The telltale soundtrack of Marie’s walker clicking and clacking as it rose and fell in cadence with her footsteps, beckoned my pre-dawn attention. I thought for sure, at 5am, that the coast would be clear and I’d be able to use the bathroom long before Marie awakened.
Five A.M. was ridiculously out of character for me, a lifelong sleep lover, to even have considered being awake. However, I had recently embarked upon a new regimen of early morning meditation and was, for the moment, dedicated to it.
Yanking on my bedroom doorknob, I unstuck the door and stepped out into the hall. Marie didn’t hear the warped door unglueing itself from its frame, noisy as it was; nor did she see me, although I was easily within her peripheral vision.
Focused like a laser, Marie stood firm in front of the full-length mirror which hung on her bedroom door. Bolstered by the strength of her walker, she looked deep into her eyes – yet somehow past them. “Thank you. Thank you for everything”, she said.
“Marie, what are you doing?” I asked.
Here was Marie: 86 years old and living inside a body that had mutinied against her in myriad ways. She’d suffered from multiple physical indignities (noted here from head to toe): a brain tumor; double cataract surgery; open heart surgery; diabetes; lupus; severe incontinence; excruciating arthritis.
Lastly -but mostly – was Marie’s twisted and rebellious large intestine: its volatility and unpredictability held her captive on the toilet for at least three hours each day. No time of the day or night was deemed off-limits. While there, Marie pieced together pad upon pad upon diaper, for future use. Or, she immersed herself in crossword puzzles.
One morning, I left for the Zen center at 5:45 am and returned at 8 am, to discover that she had been on the toilet that entire time.
Marie had lost her son Philip to drowning when he was just 20 years old. She never talked about it, but I know she never recovered from it. Thereafter, she went to college and received her degree at age 55. She’d divorced her husband at age 65, after enduring almost 40 years with a man whom she knew was a bad match within the first year of their marriage. A good man and a good provider – just not the right one for her, and always working. Marie still managed – singlehandedly, she always says – to raise four good children, one of whom, Diane, is my best friend of 20 years. Marie’s 93-year-old eldest sibling – a brother – died this year, leaving Marie the sole survivor of her original clan of eight.
“I’m saying thank you”, she answered. “I’m thanking God for one more day. For everything. For my health – what’s left of it. For my children. For my home.”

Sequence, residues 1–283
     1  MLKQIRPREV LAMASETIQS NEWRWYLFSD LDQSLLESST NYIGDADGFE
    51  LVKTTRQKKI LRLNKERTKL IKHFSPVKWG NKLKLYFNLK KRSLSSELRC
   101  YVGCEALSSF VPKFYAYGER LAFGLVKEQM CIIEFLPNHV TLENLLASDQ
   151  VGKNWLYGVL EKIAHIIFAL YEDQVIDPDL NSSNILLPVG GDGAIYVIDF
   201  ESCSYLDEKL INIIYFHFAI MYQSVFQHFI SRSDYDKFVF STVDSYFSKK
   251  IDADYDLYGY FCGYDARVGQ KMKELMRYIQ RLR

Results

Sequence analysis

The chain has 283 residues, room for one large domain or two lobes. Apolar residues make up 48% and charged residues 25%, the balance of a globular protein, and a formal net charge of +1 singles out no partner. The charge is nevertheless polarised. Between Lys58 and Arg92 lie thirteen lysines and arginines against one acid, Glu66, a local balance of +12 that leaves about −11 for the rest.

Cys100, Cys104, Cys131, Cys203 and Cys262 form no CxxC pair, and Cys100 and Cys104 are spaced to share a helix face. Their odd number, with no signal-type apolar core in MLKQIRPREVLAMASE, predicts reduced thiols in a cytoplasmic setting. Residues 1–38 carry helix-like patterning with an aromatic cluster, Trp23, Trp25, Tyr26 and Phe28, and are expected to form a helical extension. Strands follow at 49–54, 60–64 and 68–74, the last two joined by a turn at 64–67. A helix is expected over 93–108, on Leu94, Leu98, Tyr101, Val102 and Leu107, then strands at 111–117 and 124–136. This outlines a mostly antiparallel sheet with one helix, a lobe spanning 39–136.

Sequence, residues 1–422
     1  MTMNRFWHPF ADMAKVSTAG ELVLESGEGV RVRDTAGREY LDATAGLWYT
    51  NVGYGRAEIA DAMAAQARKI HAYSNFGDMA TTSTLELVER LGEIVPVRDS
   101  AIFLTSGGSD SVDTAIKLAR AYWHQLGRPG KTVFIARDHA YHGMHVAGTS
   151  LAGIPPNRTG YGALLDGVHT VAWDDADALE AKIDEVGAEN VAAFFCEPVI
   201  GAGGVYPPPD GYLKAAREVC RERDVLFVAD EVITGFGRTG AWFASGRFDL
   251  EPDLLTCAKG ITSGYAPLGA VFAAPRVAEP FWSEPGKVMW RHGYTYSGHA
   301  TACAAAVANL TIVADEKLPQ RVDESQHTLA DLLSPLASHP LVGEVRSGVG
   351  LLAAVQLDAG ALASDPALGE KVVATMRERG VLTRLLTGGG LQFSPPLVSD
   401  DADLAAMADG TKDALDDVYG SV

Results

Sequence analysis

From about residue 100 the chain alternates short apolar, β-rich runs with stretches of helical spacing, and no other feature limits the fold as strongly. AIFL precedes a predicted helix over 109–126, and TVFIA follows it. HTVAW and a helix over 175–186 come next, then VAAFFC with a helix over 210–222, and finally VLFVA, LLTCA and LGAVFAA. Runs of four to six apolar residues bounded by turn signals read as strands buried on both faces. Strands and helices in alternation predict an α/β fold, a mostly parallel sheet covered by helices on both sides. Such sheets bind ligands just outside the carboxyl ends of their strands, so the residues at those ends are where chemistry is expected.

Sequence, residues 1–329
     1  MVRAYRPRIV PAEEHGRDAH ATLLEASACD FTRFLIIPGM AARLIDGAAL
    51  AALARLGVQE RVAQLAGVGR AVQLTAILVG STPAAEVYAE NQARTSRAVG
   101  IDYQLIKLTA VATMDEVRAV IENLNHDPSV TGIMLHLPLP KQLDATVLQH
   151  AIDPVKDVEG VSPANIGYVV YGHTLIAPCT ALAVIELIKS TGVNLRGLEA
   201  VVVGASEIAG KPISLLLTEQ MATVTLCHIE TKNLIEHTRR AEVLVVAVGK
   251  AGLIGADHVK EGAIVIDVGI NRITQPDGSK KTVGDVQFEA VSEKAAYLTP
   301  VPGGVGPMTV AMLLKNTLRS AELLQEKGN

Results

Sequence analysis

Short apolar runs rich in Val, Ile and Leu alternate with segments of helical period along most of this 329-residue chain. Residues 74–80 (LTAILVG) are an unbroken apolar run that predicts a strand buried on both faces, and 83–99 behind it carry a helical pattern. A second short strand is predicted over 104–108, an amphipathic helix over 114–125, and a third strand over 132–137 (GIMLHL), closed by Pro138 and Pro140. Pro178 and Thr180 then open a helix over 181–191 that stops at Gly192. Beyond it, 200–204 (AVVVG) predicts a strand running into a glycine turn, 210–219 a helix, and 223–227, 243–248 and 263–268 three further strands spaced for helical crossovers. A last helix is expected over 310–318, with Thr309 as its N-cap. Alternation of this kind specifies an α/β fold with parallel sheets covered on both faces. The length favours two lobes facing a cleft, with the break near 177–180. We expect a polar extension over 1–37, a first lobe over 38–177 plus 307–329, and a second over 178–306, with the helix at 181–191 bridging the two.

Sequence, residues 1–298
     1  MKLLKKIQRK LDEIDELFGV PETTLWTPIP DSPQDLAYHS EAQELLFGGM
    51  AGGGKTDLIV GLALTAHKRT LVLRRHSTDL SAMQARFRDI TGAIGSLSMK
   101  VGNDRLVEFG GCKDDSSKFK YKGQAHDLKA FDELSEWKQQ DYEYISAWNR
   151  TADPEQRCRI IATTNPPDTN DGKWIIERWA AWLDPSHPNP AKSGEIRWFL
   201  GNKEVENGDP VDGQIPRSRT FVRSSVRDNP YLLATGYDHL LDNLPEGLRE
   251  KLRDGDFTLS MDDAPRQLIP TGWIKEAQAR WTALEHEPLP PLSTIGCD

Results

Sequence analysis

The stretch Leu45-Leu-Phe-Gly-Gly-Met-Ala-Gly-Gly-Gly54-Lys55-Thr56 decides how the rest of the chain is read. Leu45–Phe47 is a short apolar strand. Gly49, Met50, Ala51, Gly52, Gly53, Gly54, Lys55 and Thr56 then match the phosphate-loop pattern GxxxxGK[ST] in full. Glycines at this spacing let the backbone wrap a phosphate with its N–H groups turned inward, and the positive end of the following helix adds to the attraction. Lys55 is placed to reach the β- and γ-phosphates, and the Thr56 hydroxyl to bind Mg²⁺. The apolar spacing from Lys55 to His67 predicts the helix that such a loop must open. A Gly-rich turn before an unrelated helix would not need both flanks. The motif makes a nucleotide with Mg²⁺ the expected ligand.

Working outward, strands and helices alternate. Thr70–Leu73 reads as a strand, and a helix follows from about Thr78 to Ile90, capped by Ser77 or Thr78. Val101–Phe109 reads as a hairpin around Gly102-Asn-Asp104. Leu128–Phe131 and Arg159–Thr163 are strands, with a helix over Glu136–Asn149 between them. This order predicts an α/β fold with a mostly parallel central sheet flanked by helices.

“Amazing,” I responded. “You do this every morning, Marie?”
“Every morning,” she said.
“Since when?” I asked.
“For years,” she said.
I was stunned. Observing Marie from the outside, I had been unable to comprehend why she would even WANT to endure one more day of the life she was living. Housebound, she lived inside a triangle drawn from her bed to her toilet to her easy chair. When she wasn’t on the toilet, she was in front of the television – her non-stop companion – from the time she woke up, until her close of day.
I’d judged Marie’s experience to be one of endless suffering, which was probably true, only she never expressed it herself. I never heard Marie complain once about her situation. She simply kept adjusting herself to it.
Marie is a member of the World War II generation. This is the generation that simply fell into step with whatever life brought their way. This generation originated the practice of turning lemons into lemonade; they understood that life would not be enhanced nor made easier by indulgent lapses into self-pity. This is the generation that had lived through The War that made them feel that their lives were in peril, by enemies both known and unknown.
A therapist on every corner to help them get through their everyday challenges? That wasn’t even an option. No…The World War II generation did whatever needed doing to get through the day – then they just kept doing it. They were made for the saying “pulling oneself up by the bootstraps”. No complaining. No whining. No time to stop – for anything. Life simply had to be lived, however it presented itself.
That’s what I saw that morning: a woman who was truly engaged in her life, in a way that I, who really have nothing to complain about, never have been.
To have encountered this resolute octogenarian on this morning, expressing gratitude just for the fact that her eyes had opened one more time, was a miraculous example to me of a life truly, humbly lived – in full acceptance for whatever it brought – whether she liked it or not.
Copyright 2012 Sandra Frank. All rights reserved.